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Sanford Proposes to Vastly Improve South Carolina’s Business Tax Climate

3 min readBy: Josh Barro

Today, South Carolina Governor Mark Sanford announced a sweeping taxA tax is a mandatory payment or charge collected by local, state, and national governments from individuals or businesses to cover the costs of general government services, goods, and activities. reform proposal that would vastly improve the state’s business tax climate. The proposal has several planks:

  • Beginning in 2010, personal income tax filers could choose an optional flat taxAn income tax is referred to as a “flat tax” when all taxable income is subject to the same tax rate, regardless of income level or assets. rate of 3.65% with no deductions. The graduated table, which would continue to be available, has six rates, topping out at 7% on taxable incomeTaxable income is the amount of income subject to tax, after deductions and exemptions. For both individuals and corporations, taxable income differs from—and is less than—gross income. over $12,850. The optional flat tax would move South Carolina from having one of the highest top income tax rates in the South to the lowest, except for Texas and Florida, which have no personal income tax at all.
  • The graduated tax brackets would be fully indexed to inflationInflation is when the general price of goods and services increases across the economy, reducing the purchasing power of a currency and the value of certain assets. The same paycheck covers less goods, services, and bills. It is sometimes referred to as a “hidden tax,” as it leaves taxpayers less well-off due to higher costs and “bracket creep,” while increasing the government’s spending power. . Currently, the brackets are indexed, but grow at a rate below inflation. The current system results in “bracket creepBracket creep occurs when inflation pushes taxpayers into higher income tax brackets or reduces the value of credits, deductions, and exemptions. Bracket creep results in an increase in income taxes without an increase in real income. Many tax provisions—both at the federal and state level—are adjusted for inflation. ” where a taxpayer whose real income is unchanged from year to year can face higher tax rates over time.
  • Corporate income taxA corporate income tax (CIT) is levied by federal and state governments on business profits. Many companies are not subject to the CIT because they are taxed as pass-through businesses, with income reportable under the individual income tax. would be phased out over a period of ten years. This phaseout would be offset in part by an elimination of corporate tax incentives over the same period. Because South Carolina will have a very low business tax burden, Sanford believes that corporate tax incentives should no longer be necessary.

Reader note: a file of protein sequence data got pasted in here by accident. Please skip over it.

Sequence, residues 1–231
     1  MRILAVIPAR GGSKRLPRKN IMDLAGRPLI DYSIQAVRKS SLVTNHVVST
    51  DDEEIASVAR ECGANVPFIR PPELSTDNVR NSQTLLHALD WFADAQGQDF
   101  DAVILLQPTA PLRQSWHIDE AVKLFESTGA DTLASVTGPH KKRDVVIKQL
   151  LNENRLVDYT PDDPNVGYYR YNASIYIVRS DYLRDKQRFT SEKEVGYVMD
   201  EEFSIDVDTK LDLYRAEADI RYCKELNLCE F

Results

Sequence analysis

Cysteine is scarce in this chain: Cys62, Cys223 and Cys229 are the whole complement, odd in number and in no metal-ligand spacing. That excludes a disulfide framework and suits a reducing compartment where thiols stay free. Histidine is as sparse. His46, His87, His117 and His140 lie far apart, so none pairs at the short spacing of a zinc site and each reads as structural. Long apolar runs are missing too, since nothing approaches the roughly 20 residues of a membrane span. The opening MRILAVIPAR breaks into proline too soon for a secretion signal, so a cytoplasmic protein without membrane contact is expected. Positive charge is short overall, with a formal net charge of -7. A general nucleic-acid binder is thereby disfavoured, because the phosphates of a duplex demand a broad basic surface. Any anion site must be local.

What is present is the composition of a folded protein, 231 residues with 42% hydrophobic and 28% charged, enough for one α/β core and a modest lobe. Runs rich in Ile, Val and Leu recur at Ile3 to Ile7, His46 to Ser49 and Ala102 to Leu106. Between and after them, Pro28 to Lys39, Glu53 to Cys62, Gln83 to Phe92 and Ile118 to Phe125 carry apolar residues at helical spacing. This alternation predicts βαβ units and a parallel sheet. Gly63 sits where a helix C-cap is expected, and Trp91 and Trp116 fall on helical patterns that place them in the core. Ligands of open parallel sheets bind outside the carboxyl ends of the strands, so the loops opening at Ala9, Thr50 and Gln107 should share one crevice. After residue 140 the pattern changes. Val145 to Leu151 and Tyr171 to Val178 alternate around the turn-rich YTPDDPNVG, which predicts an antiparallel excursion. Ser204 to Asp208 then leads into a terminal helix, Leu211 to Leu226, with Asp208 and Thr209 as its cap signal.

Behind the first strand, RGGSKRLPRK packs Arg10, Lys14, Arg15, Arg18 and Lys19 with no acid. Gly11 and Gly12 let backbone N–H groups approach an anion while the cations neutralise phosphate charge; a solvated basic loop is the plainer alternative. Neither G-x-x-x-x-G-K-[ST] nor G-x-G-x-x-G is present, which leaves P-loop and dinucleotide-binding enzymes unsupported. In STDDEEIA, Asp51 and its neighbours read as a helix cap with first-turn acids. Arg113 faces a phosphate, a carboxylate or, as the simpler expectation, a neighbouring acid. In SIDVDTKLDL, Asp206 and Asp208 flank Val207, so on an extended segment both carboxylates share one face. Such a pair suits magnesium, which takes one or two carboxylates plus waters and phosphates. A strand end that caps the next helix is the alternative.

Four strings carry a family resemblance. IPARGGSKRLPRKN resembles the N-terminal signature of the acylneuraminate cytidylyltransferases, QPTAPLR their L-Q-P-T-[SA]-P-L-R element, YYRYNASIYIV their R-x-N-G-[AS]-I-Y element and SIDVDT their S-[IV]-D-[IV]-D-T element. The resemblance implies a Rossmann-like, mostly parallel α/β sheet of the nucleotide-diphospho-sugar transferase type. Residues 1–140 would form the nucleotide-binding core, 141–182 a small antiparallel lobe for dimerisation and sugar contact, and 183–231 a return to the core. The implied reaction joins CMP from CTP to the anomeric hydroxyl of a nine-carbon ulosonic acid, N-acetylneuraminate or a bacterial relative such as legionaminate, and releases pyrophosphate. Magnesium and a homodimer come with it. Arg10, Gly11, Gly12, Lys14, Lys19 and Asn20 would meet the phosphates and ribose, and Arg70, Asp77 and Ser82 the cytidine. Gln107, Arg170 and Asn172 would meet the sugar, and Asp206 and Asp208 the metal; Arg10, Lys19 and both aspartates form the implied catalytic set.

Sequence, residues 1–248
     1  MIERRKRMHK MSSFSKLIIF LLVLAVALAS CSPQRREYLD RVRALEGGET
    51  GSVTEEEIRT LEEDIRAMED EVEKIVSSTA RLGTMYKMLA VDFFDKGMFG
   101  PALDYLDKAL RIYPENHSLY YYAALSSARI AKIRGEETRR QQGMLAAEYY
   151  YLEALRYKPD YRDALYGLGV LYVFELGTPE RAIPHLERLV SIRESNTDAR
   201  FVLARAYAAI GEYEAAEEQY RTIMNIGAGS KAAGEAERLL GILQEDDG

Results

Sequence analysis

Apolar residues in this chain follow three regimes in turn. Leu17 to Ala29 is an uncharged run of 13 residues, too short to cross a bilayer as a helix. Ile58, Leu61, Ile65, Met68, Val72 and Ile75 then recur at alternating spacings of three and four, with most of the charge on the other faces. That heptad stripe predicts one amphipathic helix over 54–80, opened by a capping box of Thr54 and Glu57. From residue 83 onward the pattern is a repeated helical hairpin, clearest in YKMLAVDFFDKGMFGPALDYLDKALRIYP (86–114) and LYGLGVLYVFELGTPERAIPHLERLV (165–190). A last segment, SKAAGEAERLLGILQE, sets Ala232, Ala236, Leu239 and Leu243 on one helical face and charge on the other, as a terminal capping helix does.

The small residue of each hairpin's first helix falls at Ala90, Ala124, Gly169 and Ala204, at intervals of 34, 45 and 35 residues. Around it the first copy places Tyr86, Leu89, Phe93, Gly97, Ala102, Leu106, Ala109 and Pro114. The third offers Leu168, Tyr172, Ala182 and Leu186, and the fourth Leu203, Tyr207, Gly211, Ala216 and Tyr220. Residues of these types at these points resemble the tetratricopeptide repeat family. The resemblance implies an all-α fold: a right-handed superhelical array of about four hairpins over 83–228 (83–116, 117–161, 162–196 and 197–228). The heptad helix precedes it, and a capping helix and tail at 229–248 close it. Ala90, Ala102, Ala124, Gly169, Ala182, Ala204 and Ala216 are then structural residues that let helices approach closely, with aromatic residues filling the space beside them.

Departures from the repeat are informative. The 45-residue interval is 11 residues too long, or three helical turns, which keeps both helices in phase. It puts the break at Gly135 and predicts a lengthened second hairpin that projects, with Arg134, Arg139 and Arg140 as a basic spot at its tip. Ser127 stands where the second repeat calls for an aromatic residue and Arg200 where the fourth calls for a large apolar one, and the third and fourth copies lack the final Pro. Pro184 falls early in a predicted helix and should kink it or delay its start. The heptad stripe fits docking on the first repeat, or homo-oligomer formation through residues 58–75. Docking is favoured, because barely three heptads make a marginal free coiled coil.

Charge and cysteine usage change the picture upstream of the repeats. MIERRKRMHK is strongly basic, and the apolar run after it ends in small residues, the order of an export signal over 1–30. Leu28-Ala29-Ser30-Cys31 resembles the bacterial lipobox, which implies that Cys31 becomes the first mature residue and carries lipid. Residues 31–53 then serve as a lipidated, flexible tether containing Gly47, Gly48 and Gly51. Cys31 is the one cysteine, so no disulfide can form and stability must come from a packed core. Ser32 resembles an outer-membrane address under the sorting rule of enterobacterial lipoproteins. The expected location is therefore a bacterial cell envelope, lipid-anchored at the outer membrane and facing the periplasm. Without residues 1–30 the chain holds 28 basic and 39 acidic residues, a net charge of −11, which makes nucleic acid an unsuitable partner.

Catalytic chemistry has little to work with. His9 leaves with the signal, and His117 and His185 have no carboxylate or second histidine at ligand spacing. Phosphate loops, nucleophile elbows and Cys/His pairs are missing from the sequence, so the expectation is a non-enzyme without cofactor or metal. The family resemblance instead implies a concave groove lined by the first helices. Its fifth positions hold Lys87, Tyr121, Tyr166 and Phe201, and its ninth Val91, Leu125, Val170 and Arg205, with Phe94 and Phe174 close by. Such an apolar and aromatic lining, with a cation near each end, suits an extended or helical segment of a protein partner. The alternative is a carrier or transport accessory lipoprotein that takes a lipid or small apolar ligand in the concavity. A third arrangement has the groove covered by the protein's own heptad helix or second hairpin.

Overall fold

• The cigarette tax would rise from 7 cents (currently the lowest in the nation) to 37 cents. While cigarette taxes are a predatory (and regressive) tax on a political minority, South Carolina’s rate would still be well below the national average.
  • A new, $3 per ton “tipping fee” would be imposed on landfill dumping.
  • Sales taxA sales tax is levied on retail sales of goods and services and, ideally, should apply to all final consumption with few exemptions. Many governments exempt goods like groceries; base broadening, such as including groceries, could keep rates lower. A sales tax should exempt business-to-business transactions which, when taxed, cause tax pyramiding. holidays, a pet peeve of ours here at the Tax Foundation, would be abolished. (Yay!) Sales tax holidays make the tax code more complicated, distort economic decision-making, don’t appear to foster economic activity, and are a gimmicky distraction from real tax relief.
  • A committee would examine the inequities in the property taxA property tax is primarily levied on immovable property like land and buildings, as well as on tangible personal property that is movable, like vehicles and equipment. Property taxes are the single largest source of state and local revenue in the U.S. and help fund schools, roads, police, and other services. structure that currently affect businesses. While I’m not intimately familiar with South Carolina’s system of property taxation, many states tax commercial property at a higher rate than residential property. This hides the tax burden (as residential property taxes are more visible to individuals than business property taxes) and distorts economic decisionmaking (as it makes the cost to own commercial property artificially high).

All in all, this sounds like a very effective plan for improving South Carolina’s business tax climate. It embodies the Tax Foundation’s five principles of sound tax policy: simplicity, stability, neutrality, transparency, and growth-promotion.

Indeed, I entered the proposed changes into our State Business Tax Climate Index model, and found that if South Carolina adopted the plan today as fully phased in (i.e., with no tax on corporate income) the state would move from #25 to #6 on the Index, placing just behind Florida and ahead of all other states in the South. That would be a sea change (the opposite of the kind Maryland recently had) and make the state much more attractive for business investment from a tax perspective.

We’ll keep you posted as Sanford tries to get the plan through South Carolina’s sometimes-hostile legislature.